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Jindabyne - Gabriel Byrne interview

Gabriel Byrne in Jindabyne

Compiled by Jack Foley

GABRIEL Byrne talks about appearing in Australian drama Jindabyne, adapting to director Ray Lawrence’s unique style and what he thinks audiences will take away from the experience…

What is Jindabyne about?
The story is about four men who come upon the body of a woman in the river and, not out of any sense of badness or lack of feeling, decide to leave it in the river and not report it to the police until they get back from their fishing trip. Like many situations that we find ourselves in, in life, we’re unaware of the consequences of our actions until those consequences come home to visit us in all kinds of unexpected ways. So, the film is really about how this incident haunts these men and the lives of the people who are closest to them.

Tell us about your character, Stewart.
Stewart is a working class, ordinary man who owns a garage. He used to be a rally driver and he has given up that life to become settled in this community. Not a simple man but a man who lives a pretty simple, predicatable life up until this moment. As a result of this incident, he’s forced to examine who he really is morally, emotionally and socially. Stewart and Claire [his wife] have had their troubles like any couple in a long-term relationship. They love each other but as a result of this incident they’re forced to examine not just who they are individually but who they are as a couple.

What drew you to the project?
I met Ray Lawrence in New York. When we met he talked about how he saw the film as a ghost story, the idea that this incident that’s taken place haunted the lives not just of then men it happened to, but all the people on the periphery by implication. It sounded intriguing. I’d seen Lantana and I knew that he would make something really interesting. This is a film that makes you think about your life. I remember Ray saying: “I think you should do this film. It would be really nice if you came to Australia and did it. It would be a work experience but I think it would be an important spiritual experience for you.” That’s what stuck with me. Nobody has ever said that to me before as a reason to do a film.

What was it like working with Ray Lawrence and his one-take process?
This is the least conventional film I think I’ve ever done and it’s letting go of all the things you can usually rely on. The whole thing is about letting go. It’s a scary sort of process for most actors. All the things that actors like to depend on, like make-up and lighting and so forth, the security and comfort of eight or 10 takes, that’s all gone. Every actor is different. Some actors get it on the first take, others are just warming up after take five or six or 10 – but you don’t have that security.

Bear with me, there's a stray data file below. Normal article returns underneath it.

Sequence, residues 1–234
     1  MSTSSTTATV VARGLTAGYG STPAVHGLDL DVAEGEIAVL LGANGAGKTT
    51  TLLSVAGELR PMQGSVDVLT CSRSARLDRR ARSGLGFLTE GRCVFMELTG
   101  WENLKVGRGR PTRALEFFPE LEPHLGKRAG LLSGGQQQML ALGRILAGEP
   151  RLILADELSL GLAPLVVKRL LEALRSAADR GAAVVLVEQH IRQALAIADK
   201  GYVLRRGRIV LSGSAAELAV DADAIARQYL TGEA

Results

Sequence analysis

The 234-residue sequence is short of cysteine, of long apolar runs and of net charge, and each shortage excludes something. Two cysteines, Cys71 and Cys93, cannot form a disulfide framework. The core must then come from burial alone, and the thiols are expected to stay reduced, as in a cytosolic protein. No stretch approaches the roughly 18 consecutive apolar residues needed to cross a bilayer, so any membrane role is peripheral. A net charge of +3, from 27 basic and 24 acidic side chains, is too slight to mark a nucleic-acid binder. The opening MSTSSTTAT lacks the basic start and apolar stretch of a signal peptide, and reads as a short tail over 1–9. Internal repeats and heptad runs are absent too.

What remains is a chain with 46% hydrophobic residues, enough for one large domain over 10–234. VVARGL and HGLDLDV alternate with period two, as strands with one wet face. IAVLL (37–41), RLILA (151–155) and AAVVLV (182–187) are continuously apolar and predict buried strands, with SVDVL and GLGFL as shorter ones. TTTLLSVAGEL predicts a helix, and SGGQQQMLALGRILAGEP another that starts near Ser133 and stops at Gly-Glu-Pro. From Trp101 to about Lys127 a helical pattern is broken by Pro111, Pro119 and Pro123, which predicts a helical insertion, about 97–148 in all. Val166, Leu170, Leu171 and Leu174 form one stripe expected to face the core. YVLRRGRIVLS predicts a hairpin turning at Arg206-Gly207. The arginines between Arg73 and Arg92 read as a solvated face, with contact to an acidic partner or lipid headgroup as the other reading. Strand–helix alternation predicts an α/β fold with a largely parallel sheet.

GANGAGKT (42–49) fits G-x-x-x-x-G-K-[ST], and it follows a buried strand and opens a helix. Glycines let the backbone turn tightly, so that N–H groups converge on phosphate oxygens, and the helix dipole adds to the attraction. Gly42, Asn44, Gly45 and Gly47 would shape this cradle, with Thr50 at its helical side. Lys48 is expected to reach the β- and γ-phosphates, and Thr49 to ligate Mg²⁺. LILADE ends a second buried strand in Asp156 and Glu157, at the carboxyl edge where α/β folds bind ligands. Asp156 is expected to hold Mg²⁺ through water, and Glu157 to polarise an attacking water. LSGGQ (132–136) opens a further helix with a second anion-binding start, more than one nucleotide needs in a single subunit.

It allows you an incredible freedom and, ultimately, it’s your responsibility. You can always ask for another take. Ray doesn’t give much direction. He doesn’t even say “action”. I’ve never worked with a director who never said “action” before and he usually talks about the scene after it’s over. So yes, it’s scary. Ray will say he’s not directing the film, that he’s trying to contain what’s happened, but I think that everything, everything, in a way comes from his vision. Ray thinks unlike any other director I’ve ever worked with – he shoots like no director I’ve ever worked with and his vision is unique to him.

Did it affect the way you approached the character?
In a more conventional approach to making a film it’s like climbing a rock, you have more places to grab hold of. Here, you don’t seem to have any places to grab hold of. I think that the closer I moved to thinking about the character as myself, the more sure the journey felt… I have done something [in my life] and didn’t think about the consequences of it but some time later I realised, “how could I have done that?” What did I do? It’s something you never forget.

What do you think people will take from this story?
Everybody, I think, comes to a different conclusion. It brings up all kinds of questions about morality and, in Stewart’s case, his marriage and what is responsible behaviour. Guilt, regret, community, ritual, marriage, sex, love, friendship between men, friendship between women, all those issues to a greater or lesser degree are raised. The audience’s reaction to it will be complex. On the one hand, you have people who will disagree with the actions taken by the men. On the other, people will understand it. Hopefully, people will identify with the reality of the dilemma that these people are forced to confront.

Read our review of Jindabyne

Read our interview with Laura Linney